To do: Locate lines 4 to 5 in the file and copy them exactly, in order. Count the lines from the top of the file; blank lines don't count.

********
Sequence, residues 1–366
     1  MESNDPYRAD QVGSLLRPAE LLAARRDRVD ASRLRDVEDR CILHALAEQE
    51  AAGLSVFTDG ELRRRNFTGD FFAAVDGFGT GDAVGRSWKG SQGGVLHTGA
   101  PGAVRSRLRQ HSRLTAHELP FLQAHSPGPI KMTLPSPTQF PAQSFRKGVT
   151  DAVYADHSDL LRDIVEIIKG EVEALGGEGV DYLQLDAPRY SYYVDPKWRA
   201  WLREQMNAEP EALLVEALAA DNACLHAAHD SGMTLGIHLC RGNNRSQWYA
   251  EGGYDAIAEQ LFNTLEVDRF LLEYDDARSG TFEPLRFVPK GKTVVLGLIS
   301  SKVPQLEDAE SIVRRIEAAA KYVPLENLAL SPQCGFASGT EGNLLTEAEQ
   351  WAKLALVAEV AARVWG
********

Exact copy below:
   101  PGAVRSRLRQ HSRLTAHELP FLQAHSPGPI KMTLPSPTQF PAQSFRKGVT
   151  DAVYADHSDL LRDIVEIIKG EVEALGGEGV DYLQLDAPRY SYYVDPKWRA